Fitness for Fat Nerds: Martial Arts Red Flags

Before I got into biking, my big fitness thing was kung fu. It’s actually what wore the cartilage out of my shoulder – don’t worry, that’s not a thing that normally happens. But now that I’ve had surgery and am at full recovery AND I’m back in Denver, I’ve returned to my kung fu school. I couldn’t be happier.

There’s a lot to be said for a class environment. If you’ve got a competitive personality like me, it’s a great way to stay motivated. Plus you get to kick things. What’s cooler than that?
…I kid. The kicking things is really secondary to the class culture and philosophy. 
The biggest problem with getting in to martial arts is that there are, frankly, a lot of horrifically bad schools out there that just want to suck money out of you. I was really lucky to find my school (Shao Lin Hung Mei Kung Fu) when I did. They’re a non-profit. That’s pretty unusual in the realm of martial arts schools, though.
These are what I consider to be the five major red flags:
  1. The money: Classes can be expensive, but there’s expensive and there’s “you’re out of your fucking mind.” I pay $45 per month for up to four lessons per week; that’s for a non-profit. When I was looking around for schools previously, there were some that were running $250-$300 per week, which is insane. Even if the lessons themselves seem reasonable, check to see what else your school might require you to buy. Are uniforms really expensive and required? Do you have to buy weapons? What fees do they charge for testing for advancement, and how often will you be expected to advance? 
  2. Is it a “belt factory?” That’s a term you’ll hear get tossed around pretty often as a way to dismiss really crappy, money-grubbing schools. It’s normally a bad sign if there are a zillion of different belt colors, and even worse if testing for them is on a set schedule – and you have to pay a lot of fees. You should not be guaranteed any kind of belt in any set amount of time. (eg: Black belt in six months!) Everyone learns at a very different pace. And this is the thing about belts. They’re nice. They’re an accomplishment, an outward sign of your advancing knowledge within the art. But they should not be the point of the school. If you feel like there’s a lot of emphasis being placed on belts and rankings, be wary.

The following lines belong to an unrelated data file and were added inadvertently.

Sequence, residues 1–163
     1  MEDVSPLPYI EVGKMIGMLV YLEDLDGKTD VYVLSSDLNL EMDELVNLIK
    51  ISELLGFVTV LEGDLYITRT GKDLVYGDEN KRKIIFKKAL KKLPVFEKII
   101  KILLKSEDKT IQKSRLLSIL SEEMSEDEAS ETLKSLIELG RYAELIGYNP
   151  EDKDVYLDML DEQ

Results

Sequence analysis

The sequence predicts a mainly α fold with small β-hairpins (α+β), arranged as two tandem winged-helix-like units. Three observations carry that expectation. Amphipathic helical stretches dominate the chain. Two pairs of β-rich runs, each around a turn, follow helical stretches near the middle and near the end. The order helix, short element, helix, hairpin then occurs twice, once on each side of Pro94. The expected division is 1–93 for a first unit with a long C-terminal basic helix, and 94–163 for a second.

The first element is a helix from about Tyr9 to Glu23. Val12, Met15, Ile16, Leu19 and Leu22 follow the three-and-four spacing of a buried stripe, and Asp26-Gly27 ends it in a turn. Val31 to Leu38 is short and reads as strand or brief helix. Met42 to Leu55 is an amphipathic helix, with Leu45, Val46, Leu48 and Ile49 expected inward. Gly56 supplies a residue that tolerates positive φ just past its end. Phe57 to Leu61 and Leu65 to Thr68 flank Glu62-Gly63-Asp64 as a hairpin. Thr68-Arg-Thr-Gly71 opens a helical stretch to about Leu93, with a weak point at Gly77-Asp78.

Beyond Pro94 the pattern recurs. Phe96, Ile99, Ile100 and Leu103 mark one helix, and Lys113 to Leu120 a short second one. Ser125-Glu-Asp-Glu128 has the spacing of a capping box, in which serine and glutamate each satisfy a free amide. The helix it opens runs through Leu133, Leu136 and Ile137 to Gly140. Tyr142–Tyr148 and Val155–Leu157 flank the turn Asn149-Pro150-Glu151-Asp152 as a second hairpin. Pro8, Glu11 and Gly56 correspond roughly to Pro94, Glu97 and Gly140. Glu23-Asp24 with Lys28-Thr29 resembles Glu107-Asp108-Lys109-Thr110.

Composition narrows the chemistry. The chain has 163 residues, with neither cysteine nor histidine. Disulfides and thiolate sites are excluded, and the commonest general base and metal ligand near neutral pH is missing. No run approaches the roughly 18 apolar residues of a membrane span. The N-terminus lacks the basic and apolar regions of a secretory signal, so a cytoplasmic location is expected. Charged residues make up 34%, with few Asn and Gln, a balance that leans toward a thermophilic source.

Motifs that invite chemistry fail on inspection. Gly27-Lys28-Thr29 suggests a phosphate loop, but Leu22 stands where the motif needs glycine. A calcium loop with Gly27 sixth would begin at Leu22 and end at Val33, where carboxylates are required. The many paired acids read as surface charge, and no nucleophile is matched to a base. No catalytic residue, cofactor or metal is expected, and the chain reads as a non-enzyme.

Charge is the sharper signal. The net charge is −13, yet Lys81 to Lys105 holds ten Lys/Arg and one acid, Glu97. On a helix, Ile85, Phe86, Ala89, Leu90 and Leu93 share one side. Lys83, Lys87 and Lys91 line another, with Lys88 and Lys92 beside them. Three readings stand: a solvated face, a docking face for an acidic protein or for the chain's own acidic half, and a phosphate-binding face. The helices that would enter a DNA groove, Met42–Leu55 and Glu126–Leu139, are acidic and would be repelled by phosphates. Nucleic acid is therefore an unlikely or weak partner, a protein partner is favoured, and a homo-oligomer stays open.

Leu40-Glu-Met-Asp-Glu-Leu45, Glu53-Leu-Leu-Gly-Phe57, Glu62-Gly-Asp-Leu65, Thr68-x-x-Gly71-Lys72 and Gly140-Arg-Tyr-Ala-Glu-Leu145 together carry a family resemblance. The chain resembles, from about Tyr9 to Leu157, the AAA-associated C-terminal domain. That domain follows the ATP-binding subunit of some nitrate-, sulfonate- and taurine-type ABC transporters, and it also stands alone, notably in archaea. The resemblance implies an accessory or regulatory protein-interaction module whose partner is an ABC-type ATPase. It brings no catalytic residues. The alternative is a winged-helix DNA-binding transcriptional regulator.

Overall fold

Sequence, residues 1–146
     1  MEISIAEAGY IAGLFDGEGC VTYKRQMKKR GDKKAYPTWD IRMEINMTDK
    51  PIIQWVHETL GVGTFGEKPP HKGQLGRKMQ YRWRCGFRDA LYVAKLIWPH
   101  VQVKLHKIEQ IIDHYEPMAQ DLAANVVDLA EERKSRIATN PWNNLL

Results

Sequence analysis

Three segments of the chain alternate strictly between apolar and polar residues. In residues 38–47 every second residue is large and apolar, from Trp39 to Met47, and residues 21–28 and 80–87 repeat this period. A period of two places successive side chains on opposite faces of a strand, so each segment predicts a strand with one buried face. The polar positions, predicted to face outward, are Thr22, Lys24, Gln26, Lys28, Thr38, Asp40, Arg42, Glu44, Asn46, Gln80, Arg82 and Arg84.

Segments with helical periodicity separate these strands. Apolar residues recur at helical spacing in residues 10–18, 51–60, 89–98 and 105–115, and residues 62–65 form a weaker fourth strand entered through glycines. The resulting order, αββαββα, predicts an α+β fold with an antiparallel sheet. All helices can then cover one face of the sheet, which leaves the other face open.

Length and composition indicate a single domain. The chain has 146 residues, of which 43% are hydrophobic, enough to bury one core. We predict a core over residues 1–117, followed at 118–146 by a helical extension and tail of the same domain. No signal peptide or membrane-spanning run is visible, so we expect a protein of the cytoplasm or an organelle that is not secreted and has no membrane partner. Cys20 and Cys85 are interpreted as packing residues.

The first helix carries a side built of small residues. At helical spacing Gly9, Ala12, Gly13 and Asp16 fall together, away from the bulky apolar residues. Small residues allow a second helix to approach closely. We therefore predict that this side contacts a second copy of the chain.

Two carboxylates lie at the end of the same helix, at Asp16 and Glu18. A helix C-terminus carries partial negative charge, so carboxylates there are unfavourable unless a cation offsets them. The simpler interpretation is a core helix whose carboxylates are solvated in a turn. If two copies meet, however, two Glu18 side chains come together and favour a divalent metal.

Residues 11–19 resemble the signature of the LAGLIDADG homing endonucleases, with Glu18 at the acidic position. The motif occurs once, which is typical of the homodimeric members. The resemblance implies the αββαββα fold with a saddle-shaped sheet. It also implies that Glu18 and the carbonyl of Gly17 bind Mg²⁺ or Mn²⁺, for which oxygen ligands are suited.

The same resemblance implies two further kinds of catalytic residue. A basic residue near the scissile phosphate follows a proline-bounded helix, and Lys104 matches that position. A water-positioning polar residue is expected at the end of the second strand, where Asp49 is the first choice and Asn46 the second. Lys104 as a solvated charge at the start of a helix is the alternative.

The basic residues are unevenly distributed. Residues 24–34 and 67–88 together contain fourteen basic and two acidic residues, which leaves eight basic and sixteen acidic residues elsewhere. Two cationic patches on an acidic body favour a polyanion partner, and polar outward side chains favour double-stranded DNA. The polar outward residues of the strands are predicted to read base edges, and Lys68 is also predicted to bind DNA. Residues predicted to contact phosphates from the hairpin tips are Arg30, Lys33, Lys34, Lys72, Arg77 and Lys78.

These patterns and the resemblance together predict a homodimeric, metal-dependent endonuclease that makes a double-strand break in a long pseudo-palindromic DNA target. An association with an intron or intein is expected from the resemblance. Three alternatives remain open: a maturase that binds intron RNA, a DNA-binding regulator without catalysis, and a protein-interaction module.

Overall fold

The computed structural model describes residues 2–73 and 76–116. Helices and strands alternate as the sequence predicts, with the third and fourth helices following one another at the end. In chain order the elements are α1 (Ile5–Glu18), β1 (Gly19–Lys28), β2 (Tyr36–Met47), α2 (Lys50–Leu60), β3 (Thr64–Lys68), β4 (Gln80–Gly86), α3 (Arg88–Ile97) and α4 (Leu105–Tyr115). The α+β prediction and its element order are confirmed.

3. What’s the ancestry? A good teacher should know his lineage (as in, who taught his master, who taught his master’s master, etc) back at least three generations. 
  4. Are they teaching the kitchen sink? I’ve seen a lot of schools that advertise that they teach Judo and Jiujutsu and Karate and Kung Fu and Tai Chi. Yikes. Unless you’re specifically looking for something more mixed (and if you want MMA that’s a whole other thing I know nothing about) I’d recommend caution. It takes a long time and a lot of hard work to get good at even one style. Trust me, trying to go from some form of, say, kung fu to tai chi is not easy, and unless you have a good understanding of the first style before moving on to the second, you’re just going to end up learning a lot of stuff badly
  5. Are they using ‘kung fu’ as a catch-all? This is one that really drives me nuts since I’ve been learning a style of Shao Lin kung fu, but it’s not something most people will necessarily know. There are five major families of Shao Lin kung fu (Hung, Liu, Cai, Li, Mok) and each of those families has sub-groups within it. They’re all very, very different. If someone is advertising that they’re teaching Hung Mei or Hung Gar, that’s good. If it’s just generic “kung fu” that doesn’t mean they’re necessarily going to be bad, but it means you likely won’t be getting the more traditional art. So you need to decide if that’s important.

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